D. Bogue, 1856 - 215 sider

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Side iii - For, like strains of martial music, Their mighty thoughts suggest Life's endless toil and endeavor; And to-night I long for rest. Read from some humbler poet, Whose songs gushed from his heart, As showers from the clouds of summer, Or tears from the eyelids start; Who, through long days of labor, And nights devoid of ease, Still heard in his soul the music Of wonderful melodies. Such songs have power to quiet The restless pulse of care, And come like the benediction That follows after prayer.
Side 160 - Look aloft!" and be firm, and be fearless of heart. If the friend who embraced In prosperity's glow, With a smile for each joy, and a tear for each woe, Should betray thee when sorrows like clouds are arrayed, "Look aloft!
Side 95 - He wooes the bright sun o'er the lea With a flourish of his horn. So the thrush, the thrush, the old gray thrush, A merry, blithe old boy is he ; You may hear him on the roadside bush, Or the topmost twig of the mountain tree. To come with the balmy breath of Spring, And...
Side 88 - BIRD of the Ocean, Graceful in motion, ! Swift in thy passage from inland to sea ; Oft I in fancy pace Over thy dwelling place, Dear to thy nestlings and precious to me. Bright in eccentric flight, Gleaming with purest white, Floating through ether, all buoyant and free ; Raptured, I've seen thee swerve From thy fantastic curve, Dropping with call-note to sport on the lea. Oft when the billows foam, Far from thy native home...
Side 157 - He certainly enjoyed his life as a postman. He says: — O, the postman's life is as happy a life As any one's, I trow ; Wand'ring away where dragon-flies play, And brooks sing- soft and low ; And watching the lark as he soars on high, To carol in yonder cloud, "He sings in his labours, and why not I ?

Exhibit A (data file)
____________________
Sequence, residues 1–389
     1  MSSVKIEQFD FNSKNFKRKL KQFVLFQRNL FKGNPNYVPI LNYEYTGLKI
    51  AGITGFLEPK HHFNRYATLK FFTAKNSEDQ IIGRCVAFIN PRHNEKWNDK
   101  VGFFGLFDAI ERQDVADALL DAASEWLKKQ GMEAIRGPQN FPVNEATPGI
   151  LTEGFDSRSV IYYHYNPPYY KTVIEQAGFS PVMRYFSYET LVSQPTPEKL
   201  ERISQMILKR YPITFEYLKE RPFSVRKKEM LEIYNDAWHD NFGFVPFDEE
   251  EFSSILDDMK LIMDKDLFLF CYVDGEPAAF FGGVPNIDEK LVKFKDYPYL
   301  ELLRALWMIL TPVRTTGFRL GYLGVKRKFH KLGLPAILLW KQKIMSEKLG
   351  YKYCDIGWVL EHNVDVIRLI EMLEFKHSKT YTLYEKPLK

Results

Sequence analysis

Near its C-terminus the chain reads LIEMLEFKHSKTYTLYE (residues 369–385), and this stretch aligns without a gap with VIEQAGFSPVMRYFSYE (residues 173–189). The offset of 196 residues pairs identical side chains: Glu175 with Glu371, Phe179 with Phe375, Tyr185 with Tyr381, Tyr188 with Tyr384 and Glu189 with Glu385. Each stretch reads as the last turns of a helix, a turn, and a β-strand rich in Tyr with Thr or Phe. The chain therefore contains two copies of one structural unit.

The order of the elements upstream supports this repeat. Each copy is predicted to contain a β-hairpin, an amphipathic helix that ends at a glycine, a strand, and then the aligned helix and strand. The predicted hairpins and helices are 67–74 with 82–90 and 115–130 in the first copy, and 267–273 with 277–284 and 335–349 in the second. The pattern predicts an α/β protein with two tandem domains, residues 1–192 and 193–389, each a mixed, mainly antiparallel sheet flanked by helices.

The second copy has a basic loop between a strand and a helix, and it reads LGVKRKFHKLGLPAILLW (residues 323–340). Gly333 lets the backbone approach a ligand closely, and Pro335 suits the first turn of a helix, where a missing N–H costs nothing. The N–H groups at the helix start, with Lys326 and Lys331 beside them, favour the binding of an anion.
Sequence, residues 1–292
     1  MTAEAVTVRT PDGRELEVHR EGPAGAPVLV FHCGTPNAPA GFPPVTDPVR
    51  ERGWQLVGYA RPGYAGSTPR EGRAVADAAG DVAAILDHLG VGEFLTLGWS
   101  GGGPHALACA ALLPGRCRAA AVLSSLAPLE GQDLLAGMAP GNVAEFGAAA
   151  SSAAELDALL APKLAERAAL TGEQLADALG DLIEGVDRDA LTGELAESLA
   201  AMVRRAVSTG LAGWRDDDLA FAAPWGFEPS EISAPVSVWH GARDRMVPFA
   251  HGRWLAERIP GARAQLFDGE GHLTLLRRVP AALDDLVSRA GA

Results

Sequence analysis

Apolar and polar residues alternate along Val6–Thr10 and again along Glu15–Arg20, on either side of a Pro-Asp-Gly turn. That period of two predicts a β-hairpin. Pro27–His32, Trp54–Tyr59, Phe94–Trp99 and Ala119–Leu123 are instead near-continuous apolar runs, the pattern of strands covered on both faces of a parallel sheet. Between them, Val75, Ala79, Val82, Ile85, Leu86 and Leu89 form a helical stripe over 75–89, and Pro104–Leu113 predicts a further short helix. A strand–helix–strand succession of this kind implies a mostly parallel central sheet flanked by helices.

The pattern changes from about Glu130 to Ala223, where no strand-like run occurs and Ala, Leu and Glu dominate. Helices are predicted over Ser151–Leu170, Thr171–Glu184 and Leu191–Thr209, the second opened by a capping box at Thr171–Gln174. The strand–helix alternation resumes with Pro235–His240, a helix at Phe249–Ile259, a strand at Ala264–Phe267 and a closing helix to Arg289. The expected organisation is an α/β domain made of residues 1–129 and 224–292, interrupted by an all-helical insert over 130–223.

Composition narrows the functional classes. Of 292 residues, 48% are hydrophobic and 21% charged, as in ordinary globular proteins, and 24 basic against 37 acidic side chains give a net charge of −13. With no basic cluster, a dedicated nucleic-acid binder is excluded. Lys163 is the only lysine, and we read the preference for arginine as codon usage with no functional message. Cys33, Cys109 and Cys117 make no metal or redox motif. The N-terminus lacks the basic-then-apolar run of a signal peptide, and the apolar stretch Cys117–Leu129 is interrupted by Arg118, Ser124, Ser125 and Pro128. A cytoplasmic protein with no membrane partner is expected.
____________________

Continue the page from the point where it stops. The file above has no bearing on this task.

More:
Side vii - Mr. Capern's features have a striking resemblance to those of Oliver Goldsmith ; he has also the Doctor's sturdy build, though not his personal height. Nor is this the only point of resemblance to our dear Goldy. Mr. Capern has an ear for music, he plays touchingly on the flute, and sings his own songs to his own tunes with striking energy or tenderness.
Side 161 - If toiling away through a weary week (No six days' work but seven) Without one holy hour to seek A resting place in heaven : " If hearing the bells ring Sabbath chimes, To bid us all repair To church (as in the olden times) And bend the knee in prayer : " If in these bells he hears a voice ' To thy delivery ! ' God says to every soul ' rejoice,
Side 19 - Devon gave the Men." The brave old men of Devonshire ! 'Tis worth a world to stand As Devon's sons, on Devon's soil, Though infants of the band ; And tell old England to her face, If she is great in fame, 'Twas good old heart of Devon oak That made her glorious name. Speak out, old sea-dog DRAKE — speak out ! And RALEIGH of renown ; GILBERT, and...
Side 29 - Charity's a cure for railing, Suffers much, is all-prevailing. Courage, then, and be forgiving, — Live in love ; 'tis pleasant living. Let thy loving be a passion, Not a complimental fashion ! Love is wisdom, ever proving True philosophy is loving : Hast thou known that bitter feeling, 'Gendered by our hate's concealing ? Better love, though e'er so blindly, E'en thy foes will call it kindly. Words are wind : oh let them never Friendship's golden love-cords sever ! Nor be angry, though another...
Side 57 - These white-ruffled daisies with golden-dipped eyes, These buttercups gleaming like summer-lit skies, These violets adorned with rich purple and blue, These primroses fragrant and innocent too ; And lastly, the sweetest and richest, I ween, Of all thy fair daughters, my beautiful Spring, The buddings that stud all thy pathways with green, Say, where were they gathered to shake from thy wing ? POEMS.

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